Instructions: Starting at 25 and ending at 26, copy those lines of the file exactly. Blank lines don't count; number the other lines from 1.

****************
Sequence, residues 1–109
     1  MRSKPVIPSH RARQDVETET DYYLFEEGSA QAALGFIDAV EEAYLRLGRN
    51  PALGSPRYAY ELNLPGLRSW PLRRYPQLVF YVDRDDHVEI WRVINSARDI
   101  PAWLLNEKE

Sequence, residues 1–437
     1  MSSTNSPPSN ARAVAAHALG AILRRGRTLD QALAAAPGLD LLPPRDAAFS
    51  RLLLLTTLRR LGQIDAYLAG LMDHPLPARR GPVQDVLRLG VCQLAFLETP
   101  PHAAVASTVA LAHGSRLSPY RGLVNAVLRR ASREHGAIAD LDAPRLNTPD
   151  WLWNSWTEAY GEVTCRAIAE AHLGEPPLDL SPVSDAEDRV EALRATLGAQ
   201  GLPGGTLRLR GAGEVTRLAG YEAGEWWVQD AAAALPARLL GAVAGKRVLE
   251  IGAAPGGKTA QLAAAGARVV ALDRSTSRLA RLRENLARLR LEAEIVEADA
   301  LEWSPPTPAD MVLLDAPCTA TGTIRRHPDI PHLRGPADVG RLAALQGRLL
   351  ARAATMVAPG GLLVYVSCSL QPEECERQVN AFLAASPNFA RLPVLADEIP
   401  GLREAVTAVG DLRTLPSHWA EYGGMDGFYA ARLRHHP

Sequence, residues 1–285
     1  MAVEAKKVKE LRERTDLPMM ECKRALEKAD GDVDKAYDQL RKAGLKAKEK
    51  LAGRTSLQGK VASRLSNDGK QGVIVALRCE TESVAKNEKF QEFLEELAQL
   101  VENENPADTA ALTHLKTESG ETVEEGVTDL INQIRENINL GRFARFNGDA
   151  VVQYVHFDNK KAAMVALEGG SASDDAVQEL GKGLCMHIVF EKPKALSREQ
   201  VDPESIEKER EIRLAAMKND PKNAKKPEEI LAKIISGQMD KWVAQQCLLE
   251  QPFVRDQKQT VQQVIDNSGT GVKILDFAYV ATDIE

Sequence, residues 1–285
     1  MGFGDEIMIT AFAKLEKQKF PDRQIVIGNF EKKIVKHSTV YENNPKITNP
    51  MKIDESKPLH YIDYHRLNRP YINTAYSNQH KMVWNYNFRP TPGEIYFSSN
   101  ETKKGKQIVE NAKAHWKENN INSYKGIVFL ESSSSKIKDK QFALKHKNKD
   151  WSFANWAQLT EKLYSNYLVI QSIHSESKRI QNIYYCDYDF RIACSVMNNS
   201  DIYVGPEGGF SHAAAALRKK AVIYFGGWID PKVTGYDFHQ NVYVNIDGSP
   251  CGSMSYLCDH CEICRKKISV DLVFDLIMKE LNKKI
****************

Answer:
   101  ETKKGKQIVE NAKAHWKENN INSYKGIVFL ESSSSKIKDK QFALKHKNKD
   151  WSFANWAQLT EKLYSNYLVI QSIHSESKRI QNIYYCDYDF RIACSVMNNS